“Poetry is language at its most distilled and most powerful.”
Rita Dove, U.S. Poet Laureate from 1993 to 1995
Poetry can be joyous or heartbreaking, full of wonder or even anger. It helps us express thoughts and emotions that can’t be contained by prose, the ordinary language people use for speaking and writing.
Your challenge this week is to write some poetry, or find a poem that speaks to you.
- Paper and something to write with
- Old newspaper and markers
- Poems to read aloud
Different kinds of poems to try out
This kind of poetry is make by taking an old newspaper, magazine, or even a book that is falling apart, and blacking out words until you are left with a poem.
Here is are examples made by teens at the Council Tree Library during National Poetry Month a few years ago.
A Haiku is a poem that has three lines. The first line has 5 syllables, the second line has 7 syllables, and the third line has 5 syllables. They are often about nature, but don’t need to be.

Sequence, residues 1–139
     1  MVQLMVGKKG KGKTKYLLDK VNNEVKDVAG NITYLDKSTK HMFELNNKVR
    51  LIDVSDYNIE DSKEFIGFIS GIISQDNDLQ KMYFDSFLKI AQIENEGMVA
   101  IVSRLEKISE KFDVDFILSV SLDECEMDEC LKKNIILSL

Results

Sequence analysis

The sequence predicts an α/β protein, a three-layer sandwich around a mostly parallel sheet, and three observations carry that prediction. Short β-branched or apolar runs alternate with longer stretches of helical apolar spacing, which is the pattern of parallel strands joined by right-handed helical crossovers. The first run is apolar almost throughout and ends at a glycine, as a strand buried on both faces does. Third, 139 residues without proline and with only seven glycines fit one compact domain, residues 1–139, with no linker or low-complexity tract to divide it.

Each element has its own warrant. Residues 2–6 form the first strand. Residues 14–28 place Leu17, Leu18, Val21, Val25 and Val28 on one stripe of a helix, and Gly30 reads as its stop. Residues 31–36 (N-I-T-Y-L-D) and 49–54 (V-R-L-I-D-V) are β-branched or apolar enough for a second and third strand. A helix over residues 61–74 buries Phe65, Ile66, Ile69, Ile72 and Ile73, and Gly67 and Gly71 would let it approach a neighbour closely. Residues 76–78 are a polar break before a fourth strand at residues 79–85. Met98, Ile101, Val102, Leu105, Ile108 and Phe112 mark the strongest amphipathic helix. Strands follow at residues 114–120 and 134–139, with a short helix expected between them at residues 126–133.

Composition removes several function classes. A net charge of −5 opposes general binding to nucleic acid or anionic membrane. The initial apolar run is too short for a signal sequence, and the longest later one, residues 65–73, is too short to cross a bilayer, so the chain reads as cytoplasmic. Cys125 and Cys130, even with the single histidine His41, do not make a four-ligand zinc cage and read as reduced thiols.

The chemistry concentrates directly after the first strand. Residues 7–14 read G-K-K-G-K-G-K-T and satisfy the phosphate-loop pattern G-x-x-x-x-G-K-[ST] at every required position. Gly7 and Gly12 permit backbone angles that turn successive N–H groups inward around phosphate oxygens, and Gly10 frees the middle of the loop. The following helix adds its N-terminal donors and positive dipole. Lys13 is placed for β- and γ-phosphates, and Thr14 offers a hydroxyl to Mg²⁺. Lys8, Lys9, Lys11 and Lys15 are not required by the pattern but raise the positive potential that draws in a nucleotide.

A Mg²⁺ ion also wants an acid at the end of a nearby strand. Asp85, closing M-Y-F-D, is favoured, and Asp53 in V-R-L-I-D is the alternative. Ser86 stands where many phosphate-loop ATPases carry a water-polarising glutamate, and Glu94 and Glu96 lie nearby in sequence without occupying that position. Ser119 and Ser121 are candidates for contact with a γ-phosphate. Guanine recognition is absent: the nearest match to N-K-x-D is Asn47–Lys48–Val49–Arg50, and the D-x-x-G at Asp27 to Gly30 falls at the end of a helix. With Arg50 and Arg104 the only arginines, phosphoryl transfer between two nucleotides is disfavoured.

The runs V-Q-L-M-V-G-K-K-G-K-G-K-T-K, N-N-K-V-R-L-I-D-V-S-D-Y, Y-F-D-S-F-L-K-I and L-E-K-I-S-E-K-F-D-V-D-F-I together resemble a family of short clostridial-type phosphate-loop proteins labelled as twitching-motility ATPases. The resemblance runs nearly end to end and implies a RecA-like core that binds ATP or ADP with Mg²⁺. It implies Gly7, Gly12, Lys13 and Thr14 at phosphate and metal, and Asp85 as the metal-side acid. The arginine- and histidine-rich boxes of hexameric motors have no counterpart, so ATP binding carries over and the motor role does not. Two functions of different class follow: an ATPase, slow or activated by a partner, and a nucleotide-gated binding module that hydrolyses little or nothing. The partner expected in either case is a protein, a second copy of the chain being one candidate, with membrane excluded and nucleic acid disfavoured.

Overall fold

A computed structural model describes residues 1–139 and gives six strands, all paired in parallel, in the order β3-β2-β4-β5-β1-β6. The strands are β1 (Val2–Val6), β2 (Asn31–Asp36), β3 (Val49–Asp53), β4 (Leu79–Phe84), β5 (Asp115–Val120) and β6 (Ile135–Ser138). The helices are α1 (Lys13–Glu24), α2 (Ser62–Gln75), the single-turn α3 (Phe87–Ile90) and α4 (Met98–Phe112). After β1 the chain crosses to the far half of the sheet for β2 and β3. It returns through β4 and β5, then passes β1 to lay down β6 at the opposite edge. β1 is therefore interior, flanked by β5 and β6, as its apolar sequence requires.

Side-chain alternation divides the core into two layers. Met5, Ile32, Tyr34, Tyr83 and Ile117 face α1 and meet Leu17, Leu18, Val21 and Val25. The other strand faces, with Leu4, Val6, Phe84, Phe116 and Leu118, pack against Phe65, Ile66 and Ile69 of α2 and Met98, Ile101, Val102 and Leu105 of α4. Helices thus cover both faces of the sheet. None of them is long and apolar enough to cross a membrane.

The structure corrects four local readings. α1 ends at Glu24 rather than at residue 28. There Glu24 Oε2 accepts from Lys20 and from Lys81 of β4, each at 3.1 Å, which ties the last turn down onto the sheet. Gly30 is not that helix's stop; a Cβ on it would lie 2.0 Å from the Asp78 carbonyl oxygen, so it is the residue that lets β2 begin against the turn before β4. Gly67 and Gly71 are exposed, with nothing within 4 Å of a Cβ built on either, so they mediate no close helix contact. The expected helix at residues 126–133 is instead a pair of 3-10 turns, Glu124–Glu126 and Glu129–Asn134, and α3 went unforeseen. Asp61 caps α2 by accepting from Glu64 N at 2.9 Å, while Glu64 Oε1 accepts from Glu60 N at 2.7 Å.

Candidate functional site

This type of poetry uses the size, shape, and placement of the words in the poem to help convey the emotion. Often the shape of the poem creates the shape of whatever the poem is about. One of the most famous examples of a concrete poem is Lewis Carroll’s “The Mouse’s Tail” from The Adventures of Alice in Wonderland.
Book Spine Poetry
Stack up a bunch of books, and let the titles write a poem. Here are some examples made by Poudre Libraries staff this past April:
Recommended poetry books and anthologies
Our Seasons by Grace Lin (OverDrive)
Limelight by Solli Raphael (hoopla)
Hello Ocean by Pam Muñoz Ryan (hoopla)
Good Masters, Sweet Ladies by Laura Amy Schiltz (OverDrive)
Where the Sidewalk Ends by Shel Silverstein (hoopla)
Don’t forget to share your favorite poems, or poetry you have written, using the hashtag #PoudreLibraries.